If you ask bassist Will Lee, there is no shortage of mutual respect and admiration shared by the Fab Faux and the State Theatre.
The band returns -- with the Creme Tangerine Strings & Hogshead Horns -- Saturday, March 12, to the historic Easton venue. The performance will mark the Fab Faux's 13th stop at the State Theatre.
"We're in love with the theater. We're in love with the people who work there," Lee said during a February phone interview. "We've broken every rule and they keep inviting us back. It's like another home for us."
For this trek, the group is paying tribute to the Beatles' respective solo catalogs and the hits. Tackling all of the popular songs and fan favorites in a single night is a Herculean, almost impossible task, Lee said.
"We can't cover all of the great material ever written. We're going to touch on the ones you expect to hear. But you're going to hear some surprises, for sure," he said. "We could probably make this a seven or eight-night show."
Since forming in 1998, Lee and the Fab Faux -- drummer Rich Pagano, Conan guitarist Jimmy Vivino, Frank Agnello and Jack Petruzzelli -- have tackled every era of the iconic British rock band. Yet Lee said going on stage and playing through the Fab Four's discography still presents its own challenge due to the complexity of the music and the arrangements. Lee described the process of breaking down the Beatles' songs as never-ending. "There's so much learning," he said.
Lee said the goal of the Fab Faux was to be able to bring the entire breadth of the Beatles catalog to the stage while recreating the intricate melodies and many layers of the latter's music.
What they did not want to do, Lee said, was put on a mop top wig and became a "look-a-like band." Doing so, Lee said, limits many tribute bands to performing the Beatles early, rock 'n' roll and R&B records. However, it was not long before the same material would find its way into the Fab Faux's repertoire.
"There's so much magic in there (later Beatles songs). We wanted to be able to accommodate other textures," Lee said. "But after a long time of focusing on that, we realized we have to expand to the entire (Beatles) catalog to get more stuff happening. That led us into learning the earlier stuff."
Lee said the challenge of covering the Beatles earliest records was playing music where each individual instrument was more exposed without the added layers and accompaniment of strings and horn sections. "There are less parts, so you're really spotlighting individually than being on of 11 people," he said.
'Late Show' legacy
Our conversation then shifted to Lee's tenure as David Letterman's house band bassist -- a position, along with bandleader/keyboardist Paul Schaffer -- he held for more than three decades, from Letterman's first night on the air (Feb. 1, 1982) as host of Late Night with David Letterman on NBC to the final episode of CBS' Late Show with David Letterman (May 20, 2015).
Lee said he feels in debt to Schaffer, whom he got to know prior to coming aboard Late Night. He recalled having a a great time performing that first night. He was still unsure if the first installment of a new late-night talk show was going to last beyond its 13-week pilot order. "I was in awe of the whole process and wondered, 'Is there a chance this could work?' As far as the odds are in the business of television, no, there wasn't much of a chance," he said. "So we thought we might as well do the best playing we can."
That first night wound up being a gig that lasted 33 years. He said the musical chemistry Lee, Schaffer and the rest of the original house band shared gave those early episodes a unique dynamic. "We already had a real vibe among ourselves. I like to think we were some part of why people tuned in to watch the show in the beginning days, even though Dave was the monster entertainer he is," Lee said. "I was only there to make music. I was really surprised toward the end of the 13 weeks we got renewed for another 13. Before we knew it, it was a year-long contract."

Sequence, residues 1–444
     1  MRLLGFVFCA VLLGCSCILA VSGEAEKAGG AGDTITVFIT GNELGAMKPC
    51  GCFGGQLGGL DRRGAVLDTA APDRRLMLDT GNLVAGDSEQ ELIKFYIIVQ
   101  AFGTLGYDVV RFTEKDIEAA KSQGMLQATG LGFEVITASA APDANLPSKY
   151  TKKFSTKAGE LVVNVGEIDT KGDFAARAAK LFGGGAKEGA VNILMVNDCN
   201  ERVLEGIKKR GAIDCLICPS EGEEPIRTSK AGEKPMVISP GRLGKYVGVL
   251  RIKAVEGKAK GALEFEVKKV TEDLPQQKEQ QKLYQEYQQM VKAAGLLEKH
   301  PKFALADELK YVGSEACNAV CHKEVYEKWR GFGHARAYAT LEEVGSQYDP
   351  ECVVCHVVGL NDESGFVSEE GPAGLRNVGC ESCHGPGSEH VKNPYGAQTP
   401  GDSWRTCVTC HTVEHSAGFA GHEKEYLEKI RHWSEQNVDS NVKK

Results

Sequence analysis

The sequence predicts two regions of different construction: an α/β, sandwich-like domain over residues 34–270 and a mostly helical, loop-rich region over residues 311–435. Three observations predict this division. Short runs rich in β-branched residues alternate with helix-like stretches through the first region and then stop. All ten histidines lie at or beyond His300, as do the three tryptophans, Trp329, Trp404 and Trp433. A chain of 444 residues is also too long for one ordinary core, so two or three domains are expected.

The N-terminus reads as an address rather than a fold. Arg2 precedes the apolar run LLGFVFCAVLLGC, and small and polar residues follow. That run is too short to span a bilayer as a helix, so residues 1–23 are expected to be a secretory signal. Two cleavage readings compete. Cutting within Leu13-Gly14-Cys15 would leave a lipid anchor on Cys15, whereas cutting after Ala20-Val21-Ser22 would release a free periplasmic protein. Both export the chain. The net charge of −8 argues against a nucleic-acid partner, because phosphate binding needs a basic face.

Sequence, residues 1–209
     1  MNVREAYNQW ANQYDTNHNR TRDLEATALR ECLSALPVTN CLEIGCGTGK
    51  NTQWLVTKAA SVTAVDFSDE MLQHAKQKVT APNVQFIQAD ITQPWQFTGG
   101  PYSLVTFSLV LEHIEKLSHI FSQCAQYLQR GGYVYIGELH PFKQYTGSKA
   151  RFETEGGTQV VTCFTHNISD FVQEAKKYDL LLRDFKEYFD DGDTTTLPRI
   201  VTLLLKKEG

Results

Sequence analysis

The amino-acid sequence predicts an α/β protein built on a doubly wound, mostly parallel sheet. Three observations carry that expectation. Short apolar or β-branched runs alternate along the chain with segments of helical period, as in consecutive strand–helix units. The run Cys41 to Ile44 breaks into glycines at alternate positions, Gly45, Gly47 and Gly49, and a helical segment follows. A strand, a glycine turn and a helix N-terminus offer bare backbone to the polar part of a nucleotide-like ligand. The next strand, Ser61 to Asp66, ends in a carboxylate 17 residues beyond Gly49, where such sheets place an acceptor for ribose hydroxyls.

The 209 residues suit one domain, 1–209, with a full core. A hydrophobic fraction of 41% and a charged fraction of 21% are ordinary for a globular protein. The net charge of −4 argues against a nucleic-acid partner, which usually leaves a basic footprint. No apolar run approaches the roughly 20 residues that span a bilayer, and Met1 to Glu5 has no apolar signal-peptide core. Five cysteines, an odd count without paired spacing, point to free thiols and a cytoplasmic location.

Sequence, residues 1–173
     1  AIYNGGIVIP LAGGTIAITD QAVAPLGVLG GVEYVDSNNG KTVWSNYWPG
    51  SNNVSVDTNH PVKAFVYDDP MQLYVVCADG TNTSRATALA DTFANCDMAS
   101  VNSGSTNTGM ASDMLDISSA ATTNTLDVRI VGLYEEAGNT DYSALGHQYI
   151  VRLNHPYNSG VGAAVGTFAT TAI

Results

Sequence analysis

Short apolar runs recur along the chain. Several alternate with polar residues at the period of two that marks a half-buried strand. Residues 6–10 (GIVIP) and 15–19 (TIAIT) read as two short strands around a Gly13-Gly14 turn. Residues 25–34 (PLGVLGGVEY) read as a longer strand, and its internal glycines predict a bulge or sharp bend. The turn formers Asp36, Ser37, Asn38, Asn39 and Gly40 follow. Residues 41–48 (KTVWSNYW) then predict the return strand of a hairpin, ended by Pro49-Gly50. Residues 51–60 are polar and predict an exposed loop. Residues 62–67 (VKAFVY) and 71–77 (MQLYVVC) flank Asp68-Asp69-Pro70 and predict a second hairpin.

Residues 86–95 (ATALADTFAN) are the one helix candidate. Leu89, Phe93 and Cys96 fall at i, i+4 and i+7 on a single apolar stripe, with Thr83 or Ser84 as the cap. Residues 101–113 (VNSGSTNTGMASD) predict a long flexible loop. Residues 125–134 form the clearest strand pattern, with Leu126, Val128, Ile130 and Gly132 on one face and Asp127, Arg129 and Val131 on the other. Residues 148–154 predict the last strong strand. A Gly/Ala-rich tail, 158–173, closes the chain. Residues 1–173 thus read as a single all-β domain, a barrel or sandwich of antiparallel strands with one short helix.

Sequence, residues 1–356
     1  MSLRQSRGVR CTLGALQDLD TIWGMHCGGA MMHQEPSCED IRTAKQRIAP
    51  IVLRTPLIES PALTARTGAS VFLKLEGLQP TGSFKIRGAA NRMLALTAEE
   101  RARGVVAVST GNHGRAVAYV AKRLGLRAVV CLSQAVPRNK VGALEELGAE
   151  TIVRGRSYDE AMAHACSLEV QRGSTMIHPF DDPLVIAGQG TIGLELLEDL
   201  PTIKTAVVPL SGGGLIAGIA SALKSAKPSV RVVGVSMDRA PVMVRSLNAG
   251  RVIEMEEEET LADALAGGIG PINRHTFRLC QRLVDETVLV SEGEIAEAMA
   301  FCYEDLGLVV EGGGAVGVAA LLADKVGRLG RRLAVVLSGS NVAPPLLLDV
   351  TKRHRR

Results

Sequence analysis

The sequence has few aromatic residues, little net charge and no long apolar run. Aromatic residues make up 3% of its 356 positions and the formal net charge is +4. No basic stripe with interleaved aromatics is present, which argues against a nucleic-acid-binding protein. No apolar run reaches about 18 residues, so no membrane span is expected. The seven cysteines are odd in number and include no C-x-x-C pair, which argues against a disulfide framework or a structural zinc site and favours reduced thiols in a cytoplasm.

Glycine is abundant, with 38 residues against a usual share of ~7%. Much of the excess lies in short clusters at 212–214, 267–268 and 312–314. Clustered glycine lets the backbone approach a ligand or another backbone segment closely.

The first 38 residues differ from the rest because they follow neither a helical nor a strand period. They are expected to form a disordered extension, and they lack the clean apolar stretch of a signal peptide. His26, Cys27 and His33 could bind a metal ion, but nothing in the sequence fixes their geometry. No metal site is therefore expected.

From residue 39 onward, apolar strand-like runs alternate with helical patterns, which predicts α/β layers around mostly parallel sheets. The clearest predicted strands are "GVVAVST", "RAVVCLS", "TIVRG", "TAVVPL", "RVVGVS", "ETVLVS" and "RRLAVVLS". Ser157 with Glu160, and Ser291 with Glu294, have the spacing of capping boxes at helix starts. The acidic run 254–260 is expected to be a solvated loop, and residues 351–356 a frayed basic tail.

Lee described the feeling of being part of the Late Night/Late Show band as two shows happening simultaneously in front of the cameras. "There was the guy at the desk and us over here. Paul was really the glue between the two elements," he said. "For me, it was being able to watch a really great TV show. I loved laughing at Dave and his comic wit and dry delivery. That was the most fun for me, just watching the guy."
Lee said he was not shocked or surprised when he found out Letterman's 33rd year on television would be his last. "I kind of knew what it would feel like. Really, I was ready for it. I had done enough shows," he said. "I had my fill."
In addition to his career with Letterman and the Fab Faux, Lee has found time as a reliable and sought-after studio musician. He got his start recording in New York City, which he remembered being an ideal situation. (Lee has recorded music for James Brown, Mariah Carey, Chaka Khan, Sypro Gyra and D'Angelo, among others.)
"You'd go into a room five to eight times a day almost. You'd walk into a room with a fresh band of musicians, playing a piece of music you never played before and may never have to listen to again," he said. "That kind of variety is what I seek out over and over again in my daily life. I try to keep my brain occupied with that challenge."
The challenge of keeping his skills and his mind sharp goes back to his lifelong love of and fascination with the Beatles. "The Beatles are the one thing that's always informed me what to do, as far as finding a part or how to make a song come alive by its elements. The funny thing is, throughout my entire music career, the Beatles have been the one thread running underneath everything," Lee said. "The Beatles is the reason I do what I do."
The Fab Faux performs 8 p.m. March 12 at the State Theatre, 453 Northampton St., Easton. Tickets cost $60 and $50; VIP tickets cost $110 (includes post-show meet-and-greet).